The World Rally Championship has been to all corners of the globe, but Europe has proved a popular destination for rallying’s premier competition over the years.
Indeed, of the 33 nations to have welcomed the WRC to its shores, 18 of them have been European – and the two brand-new nations this year, Croatia and Belgium, will nudge those respective figures up to 35 and 20 as well.
Croatia will be the first of these on April 22-25 and marks a real step into the unknown for the WRC. Not only has the championship never set foot onto Croatian soil before, but it’s seldom headed to Southeast Europe either.
The only time it did was back in 2010 for what ultimately proved to be a one-off – and sadly rather forgettable – trip to Bulgaria.
Back then, the WRC was a very different series in a sporting sense. There were just two manufacturers – Ford and Citroën – and Sébastien Loeb was only (and we mean this in jest) a six-time World Rally Champion.
Sébastien Ogier hadn’t won any of his titles and instead started the 41st edition of Rally Bulgaria as a fresh WRC winner, having won his first WRC event on the previous round in Portugal. Dani Sordo drove the works C4 WRC alongside Loeb, with Ogier in the Citroën Junior Team.
Ford’s challenge was headed up by its two Finns, Mikko Hirvonen and Jari-Matti Latvala, while Petter Solberg was also a leading contender in his privately-run C4 WRC. However for the first time since 1999, Solberg started in Bulgaria without the services of Phil Mills who had walked away from world rallying after Portugal.
Held on July 9-11, Bulgaria was the seventh round of a 13-round season and was a controversial inclusion given the events of a year before.
A mainstay of the European Rally Championship, the 2009 edition was also run as a WRC candidate event but was marred by an accident in which co-driver Flavio Guglielmini was killed and driver Brian Lavio was seriously injured.
The organizer of Rally Argentina started to prepare a bid to take Bulgaria’s place, but the FIA opted to head to Bulgaria anyway with the event’s place on the calendar confirmed in September 2009.
Politics aside, the rally was at least an all-new one – the first since Rally Jordan in 2008 – which made it a step into the unknown for the world’s best rally drivers. That would do nothing to shake-up the form book, however, with Loeb winning from Sordo – his 16th-successive win on asphalt and the 58th victory of his career.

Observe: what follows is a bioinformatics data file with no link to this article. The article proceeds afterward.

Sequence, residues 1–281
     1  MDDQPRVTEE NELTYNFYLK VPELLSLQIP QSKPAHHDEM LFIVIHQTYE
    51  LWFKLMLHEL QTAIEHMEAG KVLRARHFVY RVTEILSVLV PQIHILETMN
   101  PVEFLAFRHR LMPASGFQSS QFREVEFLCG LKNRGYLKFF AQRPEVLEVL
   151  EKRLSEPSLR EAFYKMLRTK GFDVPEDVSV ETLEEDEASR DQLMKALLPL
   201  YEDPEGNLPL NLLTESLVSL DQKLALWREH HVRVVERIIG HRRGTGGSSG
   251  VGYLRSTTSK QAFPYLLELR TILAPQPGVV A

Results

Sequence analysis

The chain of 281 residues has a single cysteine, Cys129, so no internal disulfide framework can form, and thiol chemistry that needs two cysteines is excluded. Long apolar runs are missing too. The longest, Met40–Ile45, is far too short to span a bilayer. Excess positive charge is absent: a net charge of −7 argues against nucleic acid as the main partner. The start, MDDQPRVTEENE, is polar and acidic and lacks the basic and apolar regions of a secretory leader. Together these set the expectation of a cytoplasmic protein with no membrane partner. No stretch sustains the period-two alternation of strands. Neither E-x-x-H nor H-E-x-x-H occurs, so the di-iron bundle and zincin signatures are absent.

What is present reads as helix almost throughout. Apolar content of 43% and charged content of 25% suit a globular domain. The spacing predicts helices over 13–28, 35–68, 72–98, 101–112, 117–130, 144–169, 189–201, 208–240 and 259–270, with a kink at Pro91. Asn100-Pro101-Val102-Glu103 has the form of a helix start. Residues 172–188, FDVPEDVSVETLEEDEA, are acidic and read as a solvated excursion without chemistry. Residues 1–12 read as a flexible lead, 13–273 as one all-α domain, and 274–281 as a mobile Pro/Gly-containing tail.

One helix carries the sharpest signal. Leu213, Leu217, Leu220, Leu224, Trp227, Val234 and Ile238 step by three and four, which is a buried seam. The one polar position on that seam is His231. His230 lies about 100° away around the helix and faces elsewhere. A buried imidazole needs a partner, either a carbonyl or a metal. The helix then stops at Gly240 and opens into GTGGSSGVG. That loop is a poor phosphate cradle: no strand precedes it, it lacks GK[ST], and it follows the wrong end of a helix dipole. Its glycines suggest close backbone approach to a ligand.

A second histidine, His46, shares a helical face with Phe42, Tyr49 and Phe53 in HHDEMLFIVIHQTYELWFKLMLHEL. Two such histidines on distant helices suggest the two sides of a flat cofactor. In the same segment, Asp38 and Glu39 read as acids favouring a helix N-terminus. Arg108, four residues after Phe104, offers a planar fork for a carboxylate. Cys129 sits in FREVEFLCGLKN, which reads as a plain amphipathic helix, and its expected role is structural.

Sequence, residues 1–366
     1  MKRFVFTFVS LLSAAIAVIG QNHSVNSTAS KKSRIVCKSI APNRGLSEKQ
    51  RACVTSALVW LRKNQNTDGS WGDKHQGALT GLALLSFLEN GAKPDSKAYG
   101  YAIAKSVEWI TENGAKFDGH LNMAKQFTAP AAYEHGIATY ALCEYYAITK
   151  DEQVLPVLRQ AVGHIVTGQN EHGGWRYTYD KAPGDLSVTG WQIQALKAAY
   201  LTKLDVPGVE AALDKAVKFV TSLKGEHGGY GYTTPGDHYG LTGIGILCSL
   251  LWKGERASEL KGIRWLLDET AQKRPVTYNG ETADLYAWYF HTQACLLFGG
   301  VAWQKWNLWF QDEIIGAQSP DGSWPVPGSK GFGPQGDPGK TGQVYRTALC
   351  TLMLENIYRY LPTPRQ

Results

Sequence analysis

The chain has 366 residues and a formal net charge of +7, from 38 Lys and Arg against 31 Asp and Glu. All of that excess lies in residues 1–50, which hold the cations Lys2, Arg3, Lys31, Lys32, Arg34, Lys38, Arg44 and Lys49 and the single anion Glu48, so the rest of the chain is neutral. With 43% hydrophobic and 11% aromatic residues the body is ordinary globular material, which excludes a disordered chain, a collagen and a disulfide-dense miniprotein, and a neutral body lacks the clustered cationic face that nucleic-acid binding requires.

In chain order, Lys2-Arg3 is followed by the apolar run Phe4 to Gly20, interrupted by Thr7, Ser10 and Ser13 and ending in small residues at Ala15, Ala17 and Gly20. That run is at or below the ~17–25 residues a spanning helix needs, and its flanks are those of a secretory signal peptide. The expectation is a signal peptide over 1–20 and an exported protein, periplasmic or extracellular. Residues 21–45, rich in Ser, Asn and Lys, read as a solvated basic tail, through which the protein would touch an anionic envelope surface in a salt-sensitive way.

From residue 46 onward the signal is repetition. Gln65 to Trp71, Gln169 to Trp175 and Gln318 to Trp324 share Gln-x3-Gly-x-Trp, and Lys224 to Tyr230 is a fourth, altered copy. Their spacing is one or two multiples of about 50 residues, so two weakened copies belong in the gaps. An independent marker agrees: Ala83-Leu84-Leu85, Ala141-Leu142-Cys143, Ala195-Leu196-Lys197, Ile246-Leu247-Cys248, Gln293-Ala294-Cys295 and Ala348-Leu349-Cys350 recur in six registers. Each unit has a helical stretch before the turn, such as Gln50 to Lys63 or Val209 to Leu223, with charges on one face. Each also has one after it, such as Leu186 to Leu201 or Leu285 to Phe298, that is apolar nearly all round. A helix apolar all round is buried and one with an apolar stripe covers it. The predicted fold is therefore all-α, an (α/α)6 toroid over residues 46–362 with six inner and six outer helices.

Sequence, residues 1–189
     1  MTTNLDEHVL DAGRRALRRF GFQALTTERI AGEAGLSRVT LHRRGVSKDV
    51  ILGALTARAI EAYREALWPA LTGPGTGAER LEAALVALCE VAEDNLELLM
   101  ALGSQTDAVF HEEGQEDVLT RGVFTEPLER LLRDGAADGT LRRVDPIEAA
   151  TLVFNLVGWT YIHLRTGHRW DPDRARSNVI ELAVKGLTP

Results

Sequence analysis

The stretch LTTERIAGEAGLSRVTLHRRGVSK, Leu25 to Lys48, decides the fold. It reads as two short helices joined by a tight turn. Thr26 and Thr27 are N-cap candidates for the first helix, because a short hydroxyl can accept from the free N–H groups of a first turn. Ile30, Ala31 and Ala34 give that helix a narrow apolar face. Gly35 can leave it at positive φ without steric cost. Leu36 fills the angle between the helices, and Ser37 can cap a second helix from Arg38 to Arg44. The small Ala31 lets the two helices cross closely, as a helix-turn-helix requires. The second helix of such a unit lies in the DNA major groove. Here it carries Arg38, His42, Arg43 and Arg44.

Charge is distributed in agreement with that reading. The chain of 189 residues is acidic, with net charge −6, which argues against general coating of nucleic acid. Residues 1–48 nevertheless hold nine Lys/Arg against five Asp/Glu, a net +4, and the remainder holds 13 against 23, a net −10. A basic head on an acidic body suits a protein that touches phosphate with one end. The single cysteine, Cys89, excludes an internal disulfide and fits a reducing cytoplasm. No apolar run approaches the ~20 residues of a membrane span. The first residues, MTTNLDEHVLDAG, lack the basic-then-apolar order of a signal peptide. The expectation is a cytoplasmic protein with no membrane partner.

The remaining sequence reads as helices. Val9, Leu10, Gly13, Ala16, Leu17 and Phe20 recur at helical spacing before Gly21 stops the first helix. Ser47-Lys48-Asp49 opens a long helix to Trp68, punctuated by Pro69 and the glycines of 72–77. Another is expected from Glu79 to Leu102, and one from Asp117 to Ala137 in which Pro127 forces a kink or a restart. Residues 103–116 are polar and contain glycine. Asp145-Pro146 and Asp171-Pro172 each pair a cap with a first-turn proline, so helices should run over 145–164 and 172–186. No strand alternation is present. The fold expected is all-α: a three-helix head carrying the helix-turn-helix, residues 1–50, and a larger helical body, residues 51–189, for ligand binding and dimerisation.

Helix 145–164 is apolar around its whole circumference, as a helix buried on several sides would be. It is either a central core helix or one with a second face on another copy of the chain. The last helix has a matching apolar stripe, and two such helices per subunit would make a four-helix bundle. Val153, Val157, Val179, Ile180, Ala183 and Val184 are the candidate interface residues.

The hard work was done on the first day of competition as Loeb won all four stages to carve open a 28.1-second advantage over team-mate Sordo.
It's been a perfect race. I made a good start and it was a very good first daySébastien Loeb speaking after his Rally Bulgaria success
From there, the reigning world champion was in cruise control as weather conditions worsened on the second day and would eventually record a 29.5s winning margin with Solberg impressing in third given it was his first event with Chris Patterson. He won five of the last seven stages to finish a mere 6.8s back from Sordo.
Coincidentally, Patterson will also make a WRC return when the series returns to Southeast Europe later this week as he replaces Elliott Edmondson in Gus Greensmith’s M-Sport Ford Fiesta WRC.
“It’s been a perfect race,” said Loeb at the finish of the WRC’s sole Bulgarian adventure. “I made a good start and it was a very good first day.
“On the second day we had difficult conditions and it was difficult to keep concentration. But it was important to just keep the rhythm and not make any mistakes, not take any risks.”
It wasn’t just a “perfect race” for Loeb – who in winning stretched his championship lead to 51 points – but also for his employer, Citroën.
Ogier brought his C4 WRC home in fourth – despite an off-road moment on the opening day that had dropped him to seventh – to secure the first 1-2-3-4 lockout for a manufacturer since Toyota managed it with Juha Kankkunen, Markku Alén, Ian Duncan and Yasuhiro Iwase on the 1993 Safari.
It’s a feat that hasn’t been managed since.
As was often the case on asphalt, Ford’s drivers struggled in Bulgaria and would only claim a muted fifth and sixth places; Hirvonen edging Latvala but finishing over a minute down on fourth-placed Ogier and 3m17.8s shy of Loeb’s rally winning time.
Per-Gunnar Andersson was seventh for Stobart Ford on what was a one-off outing in a Focus RS WRC 08, fending off Hungarian driver Frigyes Turán in his Peugeot 307 WRC.
Matthew Wilson was ninth ahead of SWRC winner Henning Solberg who completed the top 10 ahead of Kimi Räikkönen who recovered from outbraking himself and chucking his C4 WRC off the road on the final stage of the first day.
A fresh-faced 22-year-old Thierry Neuville took a superb 12th overall and JWRC victory in his Citroën C2 S1600.
That would be all she wrote for Bulgaria’s WRC adventure, however, as it reverted to its ERC slot in 2011 for two more years before it became a national championship round only from 2013.
Bulgaria was supposed to rotate with Poland – which debuted in 2009 – on the calendar, but with Poland not on the 2011 WRC calendar that agreement was forgotten.
The bar hasn’t exactly been set high then for Croatia then when it comes to living up to any sort of reputation from Southeast Europe, but the event organizer can proudly boast a multi-year agreement with the FIA and WRC Promoter.
Its emergence as a WRC round hasn’t been without controversy though as it will run this year without a candidate event taking place the year before.
No matter, a new challenge is one everybody relishes and the stages are being talked about as some of the most demanding – and fastest – asphalt tests you’ll find anywhere.
Bring it on.